Personal interaction with objects, images, and space can be so powerful as to change the way one thinks about particular issues or topics, for your intended area of study architecture describe an experience where instruction in that area or your personal interaction with an object, image or space effected this type of change in your thinking, what did you do to act upon your new thinking and what have you done to prepare yourself for further study in this area?
A-S.T.A.R.-Y Weekend at a home within my home"
In our noticeably all for profit society, we must consider ourselves blessed to live amongst such charitable organizations, those individuals who strive to better the lives of those surrounding them, and I am even more fortunate to now call some friends. I consider myself very lucky to have been able to participate in The S.T.A.R. (Students Together Achieving Revitalization) program hosted by the City of San Antonio's Office of Historic Preservation. My love for this career choice was reawakened from what I first saw as a mandatory and daunting task became an event I would participate in for the next four semesters and lead me to participate in my first habitat for humanity to take place during my final spring break at SAC.
Nearing the culmination of a long and arduous semester, an early Saturday rise was definitely not something high on the list of priorities. Conditions were bright and warm; though slightly overcast at times, a morning with not much dew, arriving at Crockett Park ten minutes before eight a.m., there were many heads dawning assorted white, yellow, and orange crash helmets. Students were converging in a sandy vacant lot across from the park, some faces new others old and familiar. Many alive with anticipation, while others bore a burdensome distaste for the weekends planned activities. The air was electric with anticipation for what the day would have in store. The massing of individuals was clearly separated by the two participating schools, University of Texas San Antonio on one side San Antonio College on the other it was like the first day of kindergarten all over again. No such pleasantries were to be exchanged this was mandatory not fun. Now separated into perspective houses; twelve of us received house number three.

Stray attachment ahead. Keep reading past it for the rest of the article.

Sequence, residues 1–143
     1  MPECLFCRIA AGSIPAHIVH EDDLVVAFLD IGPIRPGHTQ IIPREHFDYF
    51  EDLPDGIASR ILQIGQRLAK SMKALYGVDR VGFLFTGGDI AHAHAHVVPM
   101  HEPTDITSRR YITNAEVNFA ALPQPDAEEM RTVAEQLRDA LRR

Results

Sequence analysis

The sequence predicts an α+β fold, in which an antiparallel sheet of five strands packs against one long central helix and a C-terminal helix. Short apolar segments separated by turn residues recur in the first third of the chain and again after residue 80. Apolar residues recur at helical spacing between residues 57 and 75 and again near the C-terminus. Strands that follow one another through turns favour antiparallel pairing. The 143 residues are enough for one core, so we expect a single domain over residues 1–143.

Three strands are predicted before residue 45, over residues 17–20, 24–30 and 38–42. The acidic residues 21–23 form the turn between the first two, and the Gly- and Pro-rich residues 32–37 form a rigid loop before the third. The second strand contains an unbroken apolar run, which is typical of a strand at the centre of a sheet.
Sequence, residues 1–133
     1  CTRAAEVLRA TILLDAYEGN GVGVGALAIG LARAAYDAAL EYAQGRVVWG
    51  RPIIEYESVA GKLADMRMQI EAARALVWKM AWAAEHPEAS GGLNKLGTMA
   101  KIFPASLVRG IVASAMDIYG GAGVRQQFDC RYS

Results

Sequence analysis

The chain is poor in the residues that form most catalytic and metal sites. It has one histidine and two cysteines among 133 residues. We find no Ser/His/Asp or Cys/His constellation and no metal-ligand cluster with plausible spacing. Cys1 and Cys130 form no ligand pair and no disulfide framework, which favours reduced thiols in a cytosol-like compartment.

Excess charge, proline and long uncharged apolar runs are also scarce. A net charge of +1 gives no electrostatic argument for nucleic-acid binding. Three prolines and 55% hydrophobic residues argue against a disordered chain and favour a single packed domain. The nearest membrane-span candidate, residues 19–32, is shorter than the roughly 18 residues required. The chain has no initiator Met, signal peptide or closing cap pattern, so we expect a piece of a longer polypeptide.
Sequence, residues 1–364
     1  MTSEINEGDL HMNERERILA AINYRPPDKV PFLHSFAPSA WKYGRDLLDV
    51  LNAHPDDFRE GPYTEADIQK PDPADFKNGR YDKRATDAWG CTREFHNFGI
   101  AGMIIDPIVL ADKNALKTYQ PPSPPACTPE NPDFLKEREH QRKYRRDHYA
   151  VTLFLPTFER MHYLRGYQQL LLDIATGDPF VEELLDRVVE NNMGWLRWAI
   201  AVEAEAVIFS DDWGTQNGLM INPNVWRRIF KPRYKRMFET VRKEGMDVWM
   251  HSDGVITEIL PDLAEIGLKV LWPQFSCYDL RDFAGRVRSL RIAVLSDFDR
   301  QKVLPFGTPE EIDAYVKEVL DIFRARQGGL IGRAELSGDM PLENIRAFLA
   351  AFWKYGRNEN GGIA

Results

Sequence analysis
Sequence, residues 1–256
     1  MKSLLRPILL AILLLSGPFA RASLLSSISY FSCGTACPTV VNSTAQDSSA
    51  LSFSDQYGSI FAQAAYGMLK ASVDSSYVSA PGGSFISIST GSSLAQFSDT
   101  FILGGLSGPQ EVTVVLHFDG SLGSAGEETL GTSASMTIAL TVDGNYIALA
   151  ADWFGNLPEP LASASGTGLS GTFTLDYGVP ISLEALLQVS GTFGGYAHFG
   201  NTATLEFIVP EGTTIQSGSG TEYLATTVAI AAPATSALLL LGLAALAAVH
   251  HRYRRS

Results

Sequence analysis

This was the revitalization of Ms. Helen's home, a pasty colossal two storey, four columned Victorian castle aged and leaning reminiscent of an old man perched over his cane. The white paint flaked as a dry scalp would on a black shirt. Standing facing each other we gave our introductions staring blankly at one another and then at the house. This was going to be a lot of work; paint scrapers now in hand we began to relieve its flaky shell. UTSA together in the front and SAC collected on the side. I chose to stand in the center of the team attempting to be a unifying presence. My first home renovating experience came as quite a physical challenge but the emotional gain made every drop of sweat, every cut, and every paint stained piece of clothing completely worthwhile. Day one complete and the pallid shell removed the castle was now ready for day two's painting and her reawakening.
Physically sore, day two began with a bang, hesitant curiosity hovering in the air a hands on opportunity would be presented to us. Mornings surprise of being presented with chainsaws, handsaws, and L-Square angle rulers. The usage of such materials, highlighted memories of construction and Prof Garcia's lectures of joists, columns, and post and beam, imagery of wood construction came flooding like monsoon tides. Giving our use scales and pencils a dreamlike past. The ability to use skills we had been taught was invigorating. I was flooded with many feelings mostly selfless accomplishment and privilege. Having the chance to actually spend quality one-on-one time with Ms. Helen really made an impact on my life by providing an even better understanding of how in need these forsaken families are. Working alongside Victor Salas contractor at our house was also learning experience that I will never forget. There are some people who will leave this earth having never done something for someone else, and there are those, too, who will leave this earth having been blessed enough to meet someone who sacrificed for them. I know that so many families have been touched by The Office of Historic Preservation's ever-lasting compassion and their desire to give deserving families back that place they call home, and returning San Antonio to her glory days. I am very thankful in having been able to be a part of this innovative and exciting program. Learning afterwards that I actually reside within Tobin Hill had me leaving the site giving out hugs and love because I was as impacted as the individuals we helped.